Every year we await the end of winter with baited breath. Not because we yearn for the heat of the summer (we live in Phoenix, and no one yearns for summer here because it can hit 120 in the shade!). Rather, we yearn for one of our favorite Southwestern off-road events, Tierra Del Sol’s Desert Safari (sometimes called TDS for short). The event is the world’s oldest, continuously held off-road event put on by the aforementioned historic four-wheel-drive club. While it may not have the best rockcrawling, the biggest mud holes, or the world’s best off-road trails, TDS is still one of our favorites. Why? We get to hang out with friends and wheel one of the most unusual areas in the Southwest.
Nestled on the western shore of Southern California’s Salton Sea, in areas known as Ocotillo Wells and the Truckhaven Hills, Tierra Del Sol affords off-road action like no other. With eroding sandstone and mudstone hills, the mostly open off-road area (you can range where you want, except where fenced) is decidedly unique. Without much vegetation and slow but steady erosion, the dirt is like kitty litter and offers fun without the risk of too much body damage. The eroded spots between hills allow for suspensions to flex to their max, causing tires to lift and or rub.
Following along, either with friends or during the yearly organized trail run, pushes just about any 4x4 to its limits, whether it be a stock rig or a fully built crawler. Lockers, tire clearance, and flexy suspension rule the day.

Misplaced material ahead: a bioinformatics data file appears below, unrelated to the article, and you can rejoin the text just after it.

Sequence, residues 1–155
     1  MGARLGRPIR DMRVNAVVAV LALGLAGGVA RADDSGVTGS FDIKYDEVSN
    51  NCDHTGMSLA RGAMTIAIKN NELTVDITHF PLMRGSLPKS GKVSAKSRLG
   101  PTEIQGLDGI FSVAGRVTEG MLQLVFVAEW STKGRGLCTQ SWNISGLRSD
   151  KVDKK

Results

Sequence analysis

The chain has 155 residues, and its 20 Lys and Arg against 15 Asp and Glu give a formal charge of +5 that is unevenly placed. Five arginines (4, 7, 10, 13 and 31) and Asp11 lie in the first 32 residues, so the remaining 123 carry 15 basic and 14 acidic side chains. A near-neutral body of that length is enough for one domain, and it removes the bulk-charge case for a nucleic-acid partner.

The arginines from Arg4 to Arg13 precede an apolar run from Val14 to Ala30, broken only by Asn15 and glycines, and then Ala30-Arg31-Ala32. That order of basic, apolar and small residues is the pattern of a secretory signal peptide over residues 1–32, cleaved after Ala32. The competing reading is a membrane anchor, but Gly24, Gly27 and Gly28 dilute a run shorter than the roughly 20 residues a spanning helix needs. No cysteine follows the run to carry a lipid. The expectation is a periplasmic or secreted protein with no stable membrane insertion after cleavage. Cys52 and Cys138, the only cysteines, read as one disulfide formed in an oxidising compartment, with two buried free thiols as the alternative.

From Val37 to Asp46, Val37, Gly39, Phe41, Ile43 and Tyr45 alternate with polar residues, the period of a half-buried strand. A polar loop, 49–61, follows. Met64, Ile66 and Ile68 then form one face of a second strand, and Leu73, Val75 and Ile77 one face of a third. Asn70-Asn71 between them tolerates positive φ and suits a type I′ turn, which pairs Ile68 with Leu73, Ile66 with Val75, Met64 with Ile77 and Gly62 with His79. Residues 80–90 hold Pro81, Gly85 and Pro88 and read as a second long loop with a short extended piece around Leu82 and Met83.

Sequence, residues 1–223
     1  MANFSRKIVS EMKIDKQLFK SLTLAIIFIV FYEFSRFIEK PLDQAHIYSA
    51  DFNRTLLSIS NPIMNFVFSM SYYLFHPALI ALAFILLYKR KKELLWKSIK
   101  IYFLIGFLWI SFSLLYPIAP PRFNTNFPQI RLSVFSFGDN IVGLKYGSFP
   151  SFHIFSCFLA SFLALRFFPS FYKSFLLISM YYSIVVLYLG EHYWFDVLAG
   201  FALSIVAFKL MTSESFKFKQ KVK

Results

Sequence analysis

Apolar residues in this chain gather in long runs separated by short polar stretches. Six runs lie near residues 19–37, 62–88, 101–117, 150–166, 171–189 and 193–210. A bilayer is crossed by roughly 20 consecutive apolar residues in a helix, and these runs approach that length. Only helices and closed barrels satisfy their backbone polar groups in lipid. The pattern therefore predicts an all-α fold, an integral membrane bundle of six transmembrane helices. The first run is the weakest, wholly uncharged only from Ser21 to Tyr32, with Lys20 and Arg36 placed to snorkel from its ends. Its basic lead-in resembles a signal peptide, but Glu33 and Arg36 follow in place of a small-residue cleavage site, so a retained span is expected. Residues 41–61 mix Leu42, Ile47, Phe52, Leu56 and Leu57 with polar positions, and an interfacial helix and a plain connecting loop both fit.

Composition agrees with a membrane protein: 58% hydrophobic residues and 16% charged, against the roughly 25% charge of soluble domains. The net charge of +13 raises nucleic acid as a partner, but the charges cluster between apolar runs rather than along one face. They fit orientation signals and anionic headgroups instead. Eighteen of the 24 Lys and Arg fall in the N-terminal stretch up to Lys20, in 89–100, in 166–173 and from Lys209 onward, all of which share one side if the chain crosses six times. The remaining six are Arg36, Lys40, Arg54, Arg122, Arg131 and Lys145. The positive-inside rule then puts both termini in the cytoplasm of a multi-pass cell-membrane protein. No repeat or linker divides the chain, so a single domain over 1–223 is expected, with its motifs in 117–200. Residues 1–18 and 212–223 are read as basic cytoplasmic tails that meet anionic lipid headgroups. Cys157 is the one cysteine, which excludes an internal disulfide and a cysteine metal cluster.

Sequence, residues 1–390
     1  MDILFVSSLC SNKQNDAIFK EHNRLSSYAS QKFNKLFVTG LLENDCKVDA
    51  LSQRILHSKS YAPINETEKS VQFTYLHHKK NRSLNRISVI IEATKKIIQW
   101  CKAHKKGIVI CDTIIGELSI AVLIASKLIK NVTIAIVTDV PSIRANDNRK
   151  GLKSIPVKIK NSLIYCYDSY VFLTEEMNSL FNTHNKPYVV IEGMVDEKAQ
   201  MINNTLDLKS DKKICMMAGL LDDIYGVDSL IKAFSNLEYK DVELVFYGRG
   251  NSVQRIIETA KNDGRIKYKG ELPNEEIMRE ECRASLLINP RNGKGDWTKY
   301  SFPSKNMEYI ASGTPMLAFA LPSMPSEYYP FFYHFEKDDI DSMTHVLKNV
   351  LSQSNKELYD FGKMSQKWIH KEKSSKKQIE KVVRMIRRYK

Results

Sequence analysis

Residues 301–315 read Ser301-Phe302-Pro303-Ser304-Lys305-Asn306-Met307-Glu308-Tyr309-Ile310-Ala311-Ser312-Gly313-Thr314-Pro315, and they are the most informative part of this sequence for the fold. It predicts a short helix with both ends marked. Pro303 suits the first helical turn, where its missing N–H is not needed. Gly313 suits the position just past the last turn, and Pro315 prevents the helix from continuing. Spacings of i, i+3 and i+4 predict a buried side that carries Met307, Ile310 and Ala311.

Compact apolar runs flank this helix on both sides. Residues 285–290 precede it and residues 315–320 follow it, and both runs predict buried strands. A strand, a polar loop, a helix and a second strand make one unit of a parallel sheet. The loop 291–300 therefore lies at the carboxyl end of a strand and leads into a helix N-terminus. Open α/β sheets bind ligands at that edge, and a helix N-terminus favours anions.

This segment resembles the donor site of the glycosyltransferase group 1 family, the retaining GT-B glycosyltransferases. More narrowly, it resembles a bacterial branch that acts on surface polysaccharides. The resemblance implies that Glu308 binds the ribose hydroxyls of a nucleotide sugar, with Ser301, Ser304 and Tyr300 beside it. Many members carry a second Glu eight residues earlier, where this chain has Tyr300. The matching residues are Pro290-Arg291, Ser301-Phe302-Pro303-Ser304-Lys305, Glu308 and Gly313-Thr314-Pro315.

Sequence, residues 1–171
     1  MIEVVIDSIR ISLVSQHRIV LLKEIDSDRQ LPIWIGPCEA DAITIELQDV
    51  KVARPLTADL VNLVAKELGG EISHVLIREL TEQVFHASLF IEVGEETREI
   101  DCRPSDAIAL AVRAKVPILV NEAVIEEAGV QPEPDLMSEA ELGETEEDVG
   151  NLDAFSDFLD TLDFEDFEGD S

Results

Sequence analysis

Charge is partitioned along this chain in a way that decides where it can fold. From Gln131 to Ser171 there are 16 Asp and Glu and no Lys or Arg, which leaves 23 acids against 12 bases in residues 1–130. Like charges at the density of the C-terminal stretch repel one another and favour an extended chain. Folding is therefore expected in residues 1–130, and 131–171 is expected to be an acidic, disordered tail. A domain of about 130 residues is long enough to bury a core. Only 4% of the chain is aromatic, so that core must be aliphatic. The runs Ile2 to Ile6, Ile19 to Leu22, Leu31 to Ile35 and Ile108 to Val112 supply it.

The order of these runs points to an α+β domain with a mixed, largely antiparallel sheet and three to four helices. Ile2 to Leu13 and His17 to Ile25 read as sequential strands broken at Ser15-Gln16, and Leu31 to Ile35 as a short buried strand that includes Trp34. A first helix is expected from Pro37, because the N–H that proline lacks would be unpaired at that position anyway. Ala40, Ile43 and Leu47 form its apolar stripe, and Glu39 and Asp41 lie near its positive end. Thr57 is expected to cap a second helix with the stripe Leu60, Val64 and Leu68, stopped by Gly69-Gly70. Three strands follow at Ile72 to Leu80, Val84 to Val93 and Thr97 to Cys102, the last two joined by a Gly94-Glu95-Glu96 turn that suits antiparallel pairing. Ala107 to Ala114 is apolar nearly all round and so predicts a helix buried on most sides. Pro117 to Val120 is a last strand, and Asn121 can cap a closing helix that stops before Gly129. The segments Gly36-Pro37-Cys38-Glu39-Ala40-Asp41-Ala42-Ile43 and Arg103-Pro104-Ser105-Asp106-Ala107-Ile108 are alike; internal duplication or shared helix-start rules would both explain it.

We like to head to TDS early on Thursday in order to ensure maximum fun and adventure. From there the event just grows over Friday and Saturday, ending with an organized trail run before a raffle like no other. See what adventures we had and see what we saw along the way.
Friday is the day that most folks arrive at the event, but several of us got there on Thursday yearning for the dirt. We spent the first day cruising around looking at all the hot spots that would be packed with off-roaders and their rigs come Friday and Saturday afternoon. One area that is always hopping is the area around the Phone Booth Hill. Below and to the east of the phone booth is this gray sandstone hill, which lots of folks try to climb. Mike Marquez made short work of this technical climb despite an incorrectly wired (and nonfunctioning) front locker. The former four-banger YJ is a fresh build on its shakedown run with a recent 5.3L and 4L60E swap and a stout Rob Bonney Fabrication rollcage.
Our buddy Mike Tarvin has owned this apple-green 1975 CJ-5 for about 28 years and has put hundreds of thousands of miles on it. To say he knows it well would be an understatement. It’s powered by an AMC 304 bolted to an NP435 transmission ahead of a Dana 20 packed with TeraLow 3.15:1 gears. The rear axle, a Dana 44, has a Detroit Locker, while the front Dana 30 has a tight Powerlock limited slip. Despite the CJ-5–length hill, the CJ climbed and spluttered and Tarvin conquered the hill. He did, however, decide that the accelerator pump diaphragm in the Motorcraft 2100 carburetor was bad, hence more carburetor blubbering than expected.
Chris Willis has one of the cleanest 1984 CJ-8s we’ve seen in a while. It is set up with leaf springs, but don’t let that make you think it’s slow in the bumps. No expense has been spared on the suspension, including King Shocks, air bumps, long shackles, and multileaf Deaver springs set in a sprung-under arrangement. It all equals a CJ that’s more than ready for the bumps.